was decided that the lavatory, which was part of the original plans,
would not be included as there were already very good disabled-access
facilities in the church hall. It was also decided that internal
decoration could be carried out using volunteers. However, it
was agreed that the design of the doors should not be changed, as
the concept of seeing right through glass doors from street to beautiful
interior was most important.
The PCC formally accepted the revised tender from the contractor DML Ltd, and authorised the architects Carden & Godrey to draw up a contract based on this tender. The Faculty application was sent to the Diocesan Advisory Committee, and the architect and contractor visited the site. In March 2004 DML started work on the site. The contract was signed in April 2004. Then the existing porch was demolished in preparation for the new building and the stonework, tiles, some of the brickwork and various fixtures and fittings were kept to be used in building the new greatly enlarged porch.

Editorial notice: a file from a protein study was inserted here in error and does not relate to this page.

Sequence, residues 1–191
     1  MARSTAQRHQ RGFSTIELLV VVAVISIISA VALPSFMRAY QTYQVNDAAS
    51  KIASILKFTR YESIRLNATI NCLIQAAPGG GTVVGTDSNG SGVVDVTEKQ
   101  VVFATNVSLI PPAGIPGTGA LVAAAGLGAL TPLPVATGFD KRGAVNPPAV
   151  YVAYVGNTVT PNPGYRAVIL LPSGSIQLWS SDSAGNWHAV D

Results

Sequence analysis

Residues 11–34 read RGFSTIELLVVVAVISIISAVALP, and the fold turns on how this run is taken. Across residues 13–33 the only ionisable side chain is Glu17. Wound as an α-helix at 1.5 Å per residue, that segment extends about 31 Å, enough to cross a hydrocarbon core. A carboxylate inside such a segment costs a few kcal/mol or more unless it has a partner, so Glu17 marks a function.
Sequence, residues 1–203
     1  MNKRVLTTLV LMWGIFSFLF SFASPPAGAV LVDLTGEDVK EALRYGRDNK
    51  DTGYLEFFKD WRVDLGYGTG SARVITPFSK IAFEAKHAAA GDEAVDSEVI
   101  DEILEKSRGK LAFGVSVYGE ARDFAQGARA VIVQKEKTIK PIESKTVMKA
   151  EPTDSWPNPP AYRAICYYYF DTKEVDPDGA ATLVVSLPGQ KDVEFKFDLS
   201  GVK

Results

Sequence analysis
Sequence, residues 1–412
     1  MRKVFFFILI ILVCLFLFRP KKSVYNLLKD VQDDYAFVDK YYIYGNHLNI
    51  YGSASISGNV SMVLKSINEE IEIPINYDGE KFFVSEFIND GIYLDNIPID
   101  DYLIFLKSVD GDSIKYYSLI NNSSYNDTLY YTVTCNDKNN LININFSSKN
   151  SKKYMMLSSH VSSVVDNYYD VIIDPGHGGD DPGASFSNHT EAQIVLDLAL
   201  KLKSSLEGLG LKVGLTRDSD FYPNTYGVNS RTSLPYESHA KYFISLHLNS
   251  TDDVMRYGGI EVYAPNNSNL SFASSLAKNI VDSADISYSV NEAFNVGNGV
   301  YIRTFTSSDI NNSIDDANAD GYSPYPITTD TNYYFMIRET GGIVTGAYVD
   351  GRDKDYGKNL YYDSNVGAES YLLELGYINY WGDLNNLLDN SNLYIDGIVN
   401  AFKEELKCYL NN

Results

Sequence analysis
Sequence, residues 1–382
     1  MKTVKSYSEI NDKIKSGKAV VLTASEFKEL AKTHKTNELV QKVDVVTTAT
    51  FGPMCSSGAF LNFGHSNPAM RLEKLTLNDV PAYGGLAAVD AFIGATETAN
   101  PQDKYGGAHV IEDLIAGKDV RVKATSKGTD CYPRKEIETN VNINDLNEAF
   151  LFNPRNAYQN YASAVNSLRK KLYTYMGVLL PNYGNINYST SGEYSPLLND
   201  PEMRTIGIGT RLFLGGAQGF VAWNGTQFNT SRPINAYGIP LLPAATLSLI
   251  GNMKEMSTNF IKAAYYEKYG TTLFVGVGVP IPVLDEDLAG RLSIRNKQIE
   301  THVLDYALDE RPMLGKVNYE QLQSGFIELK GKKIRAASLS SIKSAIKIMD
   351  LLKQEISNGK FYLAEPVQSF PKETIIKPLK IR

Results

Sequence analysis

The building of the walls was started in June but only some of it was to plan. When the walls reached about two metres high, St James’s realised that the walls were being built in the wrong place and so out of position with mistakes in the positioning of doorways, windows and buttresses. The architect also became dissatisfied with the quality of workmanship in the bricklaying and there were various other problems. This was pointed out to the contract administrators and the builders and building was stopped until all this could be resolved. Work ceased and there was a long pause while many meetings took place between the architect, the contractors and the steering group. The whole process was unbelievably difficult and required a good deal of negotiation, led by the steering group, who had to fight rising costs and minimise disruption and delay. There had to be an adjustment of the position of the west wall which required extra piling. This resulted in some delay which meant that the project was behind schedule by about four weeks. Eventually St James’s was reassured that the problems had been solved so the original walls were redismantled to ground level, and it was agreed that building should recommence in February.